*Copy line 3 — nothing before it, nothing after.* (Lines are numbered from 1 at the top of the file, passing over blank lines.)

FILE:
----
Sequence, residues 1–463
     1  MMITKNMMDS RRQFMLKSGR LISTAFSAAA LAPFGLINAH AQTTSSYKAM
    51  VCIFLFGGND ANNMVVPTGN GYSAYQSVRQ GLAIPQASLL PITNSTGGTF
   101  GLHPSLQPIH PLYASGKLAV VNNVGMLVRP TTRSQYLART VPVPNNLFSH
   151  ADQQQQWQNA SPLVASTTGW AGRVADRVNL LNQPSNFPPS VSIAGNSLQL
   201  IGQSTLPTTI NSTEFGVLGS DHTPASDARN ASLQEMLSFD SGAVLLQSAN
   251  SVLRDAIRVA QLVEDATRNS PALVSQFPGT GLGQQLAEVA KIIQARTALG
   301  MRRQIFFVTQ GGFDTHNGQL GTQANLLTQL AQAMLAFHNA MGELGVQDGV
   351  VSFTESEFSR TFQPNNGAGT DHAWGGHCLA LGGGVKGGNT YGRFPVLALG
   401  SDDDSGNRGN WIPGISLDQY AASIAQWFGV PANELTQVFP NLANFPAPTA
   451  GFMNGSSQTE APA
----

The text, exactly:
    51  VCIFLFGGND ANNMVVPTGN GYSAYQSVRQ GLAIPQASLL PITNSTGGTF